Amazon makes many kids shows free to help keep parents from losing their minds



Advertiser Disclosure: CBoardingGroup has partnered with CardRatings for our coverage of credit card products. CBoardingGroup and CardRatings may receive a commission from card issuers. Opinions, reviews, analyses & recommendations are the author’s alone, and have not been reviewed, endorsed or approved by any of these entities. As an Amazon Associate I earn from qualifying purchases. I may also earn commissions from other affiliate programs as applicable. See our privacy & disclosure page for more info


Amazon recently announced it’s removed the paywall from it’s Amazon Prime Kids video section giving parents across the world something to cheer about.

We are all living in some very unusual times right now. Many parents, kids, business travelers, employees, etc, are all learning a new reality: work from home and stay at home. Some families are struggling to find ways to keep their kids from getting too restless while still trying to work from their home offices. Amazon has offered one additional solution to the mix.

In a spate of good news, Amazon announced that it has opened it’s Amazon Prime Kids video section up free of charge. We recently covered Amazon and their new Amazon Cinema feature which brings in-theater movies to the Prime Video platform. This is another step in providing additional content for disrupted customers struggling to keep their sanity while spending an excessively long period of time home (and likely indoor).

Previously, Amazon had offered most of (if not all) of it’s kids section free to Amazon Prime subscribers. The difference here is that Amazon is now offering access to this section even if you are not a current Amazon Prime customer. You will only need to have an account with Amazon (which is free, of course).

See Full Selection of Amazon Prime Videos for Kids Here

This is a savvy move on Amazon’s part and will likely result in an uptick in new Amazon Prime subscribers when it’s all said and done.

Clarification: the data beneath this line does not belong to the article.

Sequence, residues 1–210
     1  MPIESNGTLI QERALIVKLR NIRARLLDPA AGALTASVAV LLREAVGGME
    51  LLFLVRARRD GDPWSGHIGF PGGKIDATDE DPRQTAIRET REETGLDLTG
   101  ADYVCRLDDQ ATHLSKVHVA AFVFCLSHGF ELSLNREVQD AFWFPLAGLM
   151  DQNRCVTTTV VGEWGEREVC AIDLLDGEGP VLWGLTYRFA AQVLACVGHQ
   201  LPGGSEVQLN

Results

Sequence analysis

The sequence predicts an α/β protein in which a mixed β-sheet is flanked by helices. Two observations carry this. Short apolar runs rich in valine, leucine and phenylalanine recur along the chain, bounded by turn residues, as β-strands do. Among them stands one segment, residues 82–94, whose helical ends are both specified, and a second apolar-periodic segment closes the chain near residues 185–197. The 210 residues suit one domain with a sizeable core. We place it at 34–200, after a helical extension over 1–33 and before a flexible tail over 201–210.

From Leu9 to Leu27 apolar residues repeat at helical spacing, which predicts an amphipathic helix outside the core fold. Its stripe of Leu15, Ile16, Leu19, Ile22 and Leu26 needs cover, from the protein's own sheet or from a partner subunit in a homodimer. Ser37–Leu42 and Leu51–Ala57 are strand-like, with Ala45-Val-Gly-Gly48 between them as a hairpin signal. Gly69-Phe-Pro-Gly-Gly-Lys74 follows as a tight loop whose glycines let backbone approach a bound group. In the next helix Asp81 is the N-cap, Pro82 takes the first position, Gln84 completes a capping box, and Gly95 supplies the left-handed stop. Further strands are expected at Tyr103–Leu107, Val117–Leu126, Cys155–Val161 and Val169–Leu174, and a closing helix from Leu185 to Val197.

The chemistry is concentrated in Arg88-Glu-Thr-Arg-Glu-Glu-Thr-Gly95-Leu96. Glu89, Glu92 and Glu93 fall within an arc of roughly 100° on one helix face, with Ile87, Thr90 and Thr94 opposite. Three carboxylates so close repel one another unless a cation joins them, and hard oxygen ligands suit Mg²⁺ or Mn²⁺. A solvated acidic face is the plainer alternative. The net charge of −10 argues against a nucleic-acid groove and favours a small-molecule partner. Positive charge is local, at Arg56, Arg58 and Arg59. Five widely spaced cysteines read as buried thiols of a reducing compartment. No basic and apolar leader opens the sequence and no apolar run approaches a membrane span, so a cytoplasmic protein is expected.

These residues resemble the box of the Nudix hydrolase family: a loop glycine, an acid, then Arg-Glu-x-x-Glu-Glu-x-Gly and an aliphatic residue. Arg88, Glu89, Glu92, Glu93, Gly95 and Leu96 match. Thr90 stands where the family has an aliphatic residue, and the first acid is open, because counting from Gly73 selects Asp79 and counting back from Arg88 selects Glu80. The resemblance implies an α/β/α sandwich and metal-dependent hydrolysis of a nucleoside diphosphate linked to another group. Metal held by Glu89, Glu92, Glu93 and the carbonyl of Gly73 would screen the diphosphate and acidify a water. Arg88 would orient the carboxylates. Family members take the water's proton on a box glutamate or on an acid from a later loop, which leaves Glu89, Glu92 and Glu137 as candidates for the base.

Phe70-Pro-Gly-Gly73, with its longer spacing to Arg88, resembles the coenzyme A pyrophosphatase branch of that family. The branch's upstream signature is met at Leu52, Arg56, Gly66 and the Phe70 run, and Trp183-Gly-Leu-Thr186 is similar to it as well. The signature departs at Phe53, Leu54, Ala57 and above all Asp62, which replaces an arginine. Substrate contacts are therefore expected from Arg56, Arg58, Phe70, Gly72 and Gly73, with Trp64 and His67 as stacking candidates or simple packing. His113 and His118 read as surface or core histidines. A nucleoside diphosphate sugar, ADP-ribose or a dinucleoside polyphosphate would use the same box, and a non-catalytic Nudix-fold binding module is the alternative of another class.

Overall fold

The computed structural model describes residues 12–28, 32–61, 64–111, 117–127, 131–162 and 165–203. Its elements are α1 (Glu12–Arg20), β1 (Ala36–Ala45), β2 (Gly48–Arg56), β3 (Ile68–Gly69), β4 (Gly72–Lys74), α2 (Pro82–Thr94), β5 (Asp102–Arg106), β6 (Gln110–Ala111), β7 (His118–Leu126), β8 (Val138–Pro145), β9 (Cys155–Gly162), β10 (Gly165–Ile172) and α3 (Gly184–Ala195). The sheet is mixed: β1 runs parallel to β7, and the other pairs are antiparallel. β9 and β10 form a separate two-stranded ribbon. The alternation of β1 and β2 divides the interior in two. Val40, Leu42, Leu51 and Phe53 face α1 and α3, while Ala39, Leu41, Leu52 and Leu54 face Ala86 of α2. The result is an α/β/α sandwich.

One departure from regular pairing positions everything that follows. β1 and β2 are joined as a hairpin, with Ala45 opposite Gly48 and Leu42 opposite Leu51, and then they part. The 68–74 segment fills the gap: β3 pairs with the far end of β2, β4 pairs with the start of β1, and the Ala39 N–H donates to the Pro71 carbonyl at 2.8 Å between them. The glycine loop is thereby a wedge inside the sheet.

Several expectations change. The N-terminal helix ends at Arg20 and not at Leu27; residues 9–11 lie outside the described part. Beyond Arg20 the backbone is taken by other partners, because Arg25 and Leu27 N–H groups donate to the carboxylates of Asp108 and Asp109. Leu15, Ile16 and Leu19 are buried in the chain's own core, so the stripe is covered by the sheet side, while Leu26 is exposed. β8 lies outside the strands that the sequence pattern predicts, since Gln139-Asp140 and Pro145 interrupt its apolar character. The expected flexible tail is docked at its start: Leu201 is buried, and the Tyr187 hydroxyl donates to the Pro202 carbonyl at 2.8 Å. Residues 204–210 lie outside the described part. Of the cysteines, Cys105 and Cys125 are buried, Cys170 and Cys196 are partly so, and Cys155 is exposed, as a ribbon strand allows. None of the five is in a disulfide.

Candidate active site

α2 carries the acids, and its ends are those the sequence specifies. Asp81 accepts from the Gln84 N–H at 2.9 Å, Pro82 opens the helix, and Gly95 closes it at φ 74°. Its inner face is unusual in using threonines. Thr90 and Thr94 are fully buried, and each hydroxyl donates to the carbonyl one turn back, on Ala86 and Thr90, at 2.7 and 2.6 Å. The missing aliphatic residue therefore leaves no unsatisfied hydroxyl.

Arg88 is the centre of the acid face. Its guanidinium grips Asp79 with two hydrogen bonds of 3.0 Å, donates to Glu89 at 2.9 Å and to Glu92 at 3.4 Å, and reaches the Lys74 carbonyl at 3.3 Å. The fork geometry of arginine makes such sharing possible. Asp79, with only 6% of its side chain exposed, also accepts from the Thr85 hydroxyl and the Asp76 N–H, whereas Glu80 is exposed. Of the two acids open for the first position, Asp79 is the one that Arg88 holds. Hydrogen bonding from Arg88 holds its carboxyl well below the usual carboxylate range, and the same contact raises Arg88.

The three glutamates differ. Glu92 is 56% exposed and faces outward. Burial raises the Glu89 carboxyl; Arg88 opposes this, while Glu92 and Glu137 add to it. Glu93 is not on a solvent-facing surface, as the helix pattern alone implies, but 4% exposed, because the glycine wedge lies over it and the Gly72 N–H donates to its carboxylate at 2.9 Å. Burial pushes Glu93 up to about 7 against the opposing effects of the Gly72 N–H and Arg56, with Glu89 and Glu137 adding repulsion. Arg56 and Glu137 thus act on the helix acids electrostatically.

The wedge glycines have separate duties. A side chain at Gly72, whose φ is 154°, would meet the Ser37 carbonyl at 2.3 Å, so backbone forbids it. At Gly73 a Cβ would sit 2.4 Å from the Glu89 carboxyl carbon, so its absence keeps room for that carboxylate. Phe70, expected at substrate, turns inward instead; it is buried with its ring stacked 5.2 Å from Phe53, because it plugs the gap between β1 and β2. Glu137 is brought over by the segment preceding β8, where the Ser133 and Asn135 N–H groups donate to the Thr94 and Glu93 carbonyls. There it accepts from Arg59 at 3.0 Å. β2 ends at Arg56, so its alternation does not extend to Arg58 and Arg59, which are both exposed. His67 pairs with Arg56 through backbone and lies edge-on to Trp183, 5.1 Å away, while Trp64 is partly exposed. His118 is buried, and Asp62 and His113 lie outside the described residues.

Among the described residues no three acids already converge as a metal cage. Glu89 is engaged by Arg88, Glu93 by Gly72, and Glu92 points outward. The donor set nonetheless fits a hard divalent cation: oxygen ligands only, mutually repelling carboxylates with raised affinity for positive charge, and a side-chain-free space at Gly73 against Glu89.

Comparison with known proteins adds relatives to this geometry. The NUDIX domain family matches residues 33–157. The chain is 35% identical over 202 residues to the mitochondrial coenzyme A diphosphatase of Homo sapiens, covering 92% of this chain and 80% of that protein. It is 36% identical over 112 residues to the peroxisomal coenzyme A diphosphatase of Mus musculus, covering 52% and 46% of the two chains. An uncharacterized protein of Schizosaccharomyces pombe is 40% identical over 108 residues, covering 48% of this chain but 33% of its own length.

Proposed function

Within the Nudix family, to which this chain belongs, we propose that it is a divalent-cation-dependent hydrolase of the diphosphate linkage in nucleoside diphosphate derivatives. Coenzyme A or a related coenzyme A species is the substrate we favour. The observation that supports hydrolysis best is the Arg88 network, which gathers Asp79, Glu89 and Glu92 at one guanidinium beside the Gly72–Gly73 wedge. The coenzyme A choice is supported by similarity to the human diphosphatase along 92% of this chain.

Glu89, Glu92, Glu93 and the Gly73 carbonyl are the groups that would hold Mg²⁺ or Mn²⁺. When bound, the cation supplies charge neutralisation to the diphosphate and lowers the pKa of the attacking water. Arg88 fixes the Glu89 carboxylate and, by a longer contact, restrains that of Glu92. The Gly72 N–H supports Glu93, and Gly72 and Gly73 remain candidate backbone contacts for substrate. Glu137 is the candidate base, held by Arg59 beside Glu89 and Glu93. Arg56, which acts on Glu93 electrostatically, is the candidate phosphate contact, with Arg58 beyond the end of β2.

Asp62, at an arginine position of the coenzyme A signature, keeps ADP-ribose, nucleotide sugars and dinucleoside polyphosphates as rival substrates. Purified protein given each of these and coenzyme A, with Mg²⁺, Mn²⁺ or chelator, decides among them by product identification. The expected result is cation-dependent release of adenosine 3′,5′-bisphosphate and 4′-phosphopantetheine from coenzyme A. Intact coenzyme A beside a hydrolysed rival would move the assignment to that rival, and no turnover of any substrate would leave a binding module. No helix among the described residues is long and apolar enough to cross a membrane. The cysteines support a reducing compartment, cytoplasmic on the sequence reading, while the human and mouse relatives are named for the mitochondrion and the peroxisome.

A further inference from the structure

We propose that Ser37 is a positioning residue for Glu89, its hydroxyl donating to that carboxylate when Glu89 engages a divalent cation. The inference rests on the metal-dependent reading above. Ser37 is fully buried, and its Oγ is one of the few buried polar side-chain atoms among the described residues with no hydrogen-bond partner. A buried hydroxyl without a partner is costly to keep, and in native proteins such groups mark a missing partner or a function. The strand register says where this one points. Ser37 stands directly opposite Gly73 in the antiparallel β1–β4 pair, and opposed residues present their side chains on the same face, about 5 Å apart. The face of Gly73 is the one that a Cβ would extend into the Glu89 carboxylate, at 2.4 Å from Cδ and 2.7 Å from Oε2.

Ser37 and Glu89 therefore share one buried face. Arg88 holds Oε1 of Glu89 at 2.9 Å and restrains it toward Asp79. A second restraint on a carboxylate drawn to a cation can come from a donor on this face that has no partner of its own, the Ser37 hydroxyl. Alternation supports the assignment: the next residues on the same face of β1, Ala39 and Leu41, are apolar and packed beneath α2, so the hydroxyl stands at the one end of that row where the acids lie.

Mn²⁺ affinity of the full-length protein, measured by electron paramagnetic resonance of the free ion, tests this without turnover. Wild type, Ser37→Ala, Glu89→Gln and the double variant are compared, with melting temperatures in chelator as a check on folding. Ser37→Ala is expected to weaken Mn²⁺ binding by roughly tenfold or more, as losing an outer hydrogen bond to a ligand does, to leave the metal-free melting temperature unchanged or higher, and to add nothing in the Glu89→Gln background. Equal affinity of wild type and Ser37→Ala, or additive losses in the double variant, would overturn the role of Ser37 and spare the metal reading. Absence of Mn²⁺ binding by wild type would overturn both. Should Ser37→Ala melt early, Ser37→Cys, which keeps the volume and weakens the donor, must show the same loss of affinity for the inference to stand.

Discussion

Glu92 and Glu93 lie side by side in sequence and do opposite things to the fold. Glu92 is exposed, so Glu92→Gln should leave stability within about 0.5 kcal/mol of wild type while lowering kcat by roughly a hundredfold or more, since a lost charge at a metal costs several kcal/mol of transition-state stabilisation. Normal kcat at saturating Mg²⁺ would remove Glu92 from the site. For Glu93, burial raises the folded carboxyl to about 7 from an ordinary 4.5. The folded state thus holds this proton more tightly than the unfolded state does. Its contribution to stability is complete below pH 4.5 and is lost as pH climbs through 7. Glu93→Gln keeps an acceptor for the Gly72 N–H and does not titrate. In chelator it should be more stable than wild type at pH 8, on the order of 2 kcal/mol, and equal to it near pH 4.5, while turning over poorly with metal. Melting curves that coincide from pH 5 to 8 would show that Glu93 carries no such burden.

The downside (if you can even call it that) to this new “offer” from Amazon is that the target demographic for most of the Amazon Prime Kids shows is younger aged children typically pre-school to younger ages (around 11). Middle school aged children and above probably will not find anything that piques their interest.

What Shows are Available on Amazon Prime Kids?

Amazon Prime Kids currently features around 40 or so shows including popular shows like Caillou, Reading Rainbow and Arthur. Here’s a longer list (although not all inclusive):

See all shows available on Amazon Prime Kids here.

What do I need to get Amazon Prime Kids Free?

All that is required to get access to Amazon’s new free kids shows on Prime is a free Amazon account. A Prime membership is NOT needed.

Sign up for an Amazon account here.

More stuff to do and read

If you and your family are looking for more ideas on what to do when you can’t leave your house here’s some additional ideas we’ve put together in the last few days:

Thanks, be safe, and stay home

Be safe out there, everyone. We are living in some unusual times, that’s for sure. Be safe. Stay home and love your family!

Don’t forget to follow us on social media including: Pinterest, Twitter, Facebook, Flipboard and Instagram. Be sure to check out some of our other great travel related content including the following articles:

Author Biography

We. Do. Business Travel. The CBoardingGroup.com is a leading business travel focused travel blog. The principal author has over 18 years of consistent & frequent business travel. Over the years, he has developed various travel habits, travel tips, advice and more that he shares with fellow travelers of all skill levels. From hotel life, to airplane tips, to the weekly grind of frequent travel, plus a little travel humor, this blog is a haven for business travelers. Read his full bio here.

Advertiser Disclosure: CBoardingGroup has partnered with CardRatings for our coverage of credit card products. CBoardingGroup and CardRatings may receive a commission from card issuers. Opinions, reviews, analyses & recommendations are the author’s alone, and have not been reviewed, endorsed or approved by any of these entities.
“Responses are not provided or commissioned by the bank advertiser. Responses have not been reviewed, approved or otherwise endorsed by the bank advertiser. It is not the bank advertiser’s responsibility to ensure all posts and/or questions are answered.”







Source link